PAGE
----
School research funds rise
Florida's universities post solid gains in investment dollars for technical projects.
By MADHUSMITA BORA
Published May 30, 2007
Florida universities have a long trek ahead before catching up with the resources of counterparts in California and Massachusetts.
But the Sunshine State is fast emerging as a regional leader when it comes to raising money for research and licensing.
A survey released Tuesday at the fourth annual Florida Tech Transfer Conference in Miami shows that private and government investments in university research rose 2.4 percent last year for a total of nearly $1.6-billion.
That's a 58 percent increase since 2000.
The news is comforting to educational leaders and businesses congregating in Miami this week for the conference that matches corporations in search of new and bright ideas with academic institutions seeking opportunities to commercialize research. Earlier this month, Business Week magazine said the University of Florida is spawning enough startups to join the enviable ranks of the Massachusetts Institute of Technology and California Institute of Technology.
"We are now past the state of Georgia, about the same level as North Carolina, " said David Day, director of technology licensing at the University of Florida in Gainesville. "The fact that we are continuing to grow even in the face of cutbacks at the federal level is a tribute to the quality of research and quality of our universities."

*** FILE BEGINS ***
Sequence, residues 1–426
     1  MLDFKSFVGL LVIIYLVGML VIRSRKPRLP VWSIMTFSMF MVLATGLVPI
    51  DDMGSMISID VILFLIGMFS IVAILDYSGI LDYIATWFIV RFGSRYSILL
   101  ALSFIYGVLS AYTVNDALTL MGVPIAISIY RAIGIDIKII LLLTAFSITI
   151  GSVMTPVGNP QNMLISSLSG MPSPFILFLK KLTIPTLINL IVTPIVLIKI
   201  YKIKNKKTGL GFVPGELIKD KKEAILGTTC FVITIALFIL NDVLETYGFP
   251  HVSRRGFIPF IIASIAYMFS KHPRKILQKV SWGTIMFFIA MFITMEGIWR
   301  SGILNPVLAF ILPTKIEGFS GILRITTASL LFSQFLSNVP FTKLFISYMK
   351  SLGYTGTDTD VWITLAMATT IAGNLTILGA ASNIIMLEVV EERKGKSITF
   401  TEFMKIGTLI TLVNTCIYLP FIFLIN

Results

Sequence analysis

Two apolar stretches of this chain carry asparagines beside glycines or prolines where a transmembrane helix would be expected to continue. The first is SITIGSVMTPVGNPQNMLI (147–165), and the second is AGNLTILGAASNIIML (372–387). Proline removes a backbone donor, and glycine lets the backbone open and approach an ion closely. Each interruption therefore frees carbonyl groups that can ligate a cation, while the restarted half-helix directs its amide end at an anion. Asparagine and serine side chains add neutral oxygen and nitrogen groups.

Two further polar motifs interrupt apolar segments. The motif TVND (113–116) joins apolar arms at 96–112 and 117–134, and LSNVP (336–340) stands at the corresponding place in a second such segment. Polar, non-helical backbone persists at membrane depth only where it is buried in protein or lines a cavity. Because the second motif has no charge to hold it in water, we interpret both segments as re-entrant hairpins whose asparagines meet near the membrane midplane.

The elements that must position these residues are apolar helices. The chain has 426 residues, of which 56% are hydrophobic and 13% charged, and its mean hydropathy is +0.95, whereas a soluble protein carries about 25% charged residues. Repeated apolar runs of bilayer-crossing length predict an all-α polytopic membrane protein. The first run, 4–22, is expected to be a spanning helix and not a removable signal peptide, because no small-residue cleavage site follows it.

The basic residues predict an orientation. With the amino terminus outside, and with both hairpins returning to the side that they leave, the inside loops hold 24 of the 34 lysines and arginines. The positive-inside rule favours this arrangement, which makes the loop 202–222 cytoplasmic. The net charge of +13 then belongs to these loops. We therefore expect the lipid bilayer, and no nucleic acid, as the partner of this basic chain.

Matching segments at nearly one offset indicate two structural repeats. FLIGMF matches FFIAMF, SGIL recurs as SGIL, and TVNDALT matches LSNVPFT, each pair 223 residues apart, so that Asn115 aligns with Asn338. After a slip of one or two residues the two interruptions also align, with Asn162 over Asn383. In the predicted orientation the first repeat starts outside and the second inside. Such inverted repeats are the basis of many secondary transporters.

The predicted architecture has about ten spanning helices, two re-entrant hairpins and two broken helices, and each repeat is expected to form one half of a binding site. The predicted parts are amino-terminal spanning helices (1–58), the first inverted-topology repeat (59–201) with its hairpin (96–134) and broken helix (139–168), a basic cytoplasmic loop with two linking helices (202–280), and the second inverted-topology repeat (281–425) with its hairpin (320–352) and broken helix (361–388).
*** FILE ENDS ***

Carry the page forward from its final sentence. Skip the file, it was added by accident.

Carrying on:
Florida researchers were issued 156 U.S. patents in 2006, up 18 percent from the year before, the survey found. Income from licensing was more than $47-million, a nearly $4-million increase from 2005.
Still, that number is dismally low compared with the $95-million the state netted in 2000. University leaders attribute the licensing income gap to the cyclical nature of patents. The state took more than a $60-million hit when Florida State University's royalties from the anticancer drug Taxol began tapering off in 2002. At its peak, the state made more than $67-million from the drugmaking process. Last year, it earned nothing.
But university leaders aren't grieving the loss. They say they are excited about the future. The state is already creating a flutter with heavyweight biotech research names like Scripps, Burnham and the Torrey Pines Institute.
Last year Florida companies struck up 40 partnerships with universities, a trend educators say will continue to grow.
"We were behind in the beginning, " said Gary Margules, assistant provost and director of technology transfer at the University of Miami.
"But the new initiatives at Torrey Pines and Burnham are really changing the climate and we can probably beat the odds."
Madhusmita Bora can be reached at (813) 225-3112 or email@example.com.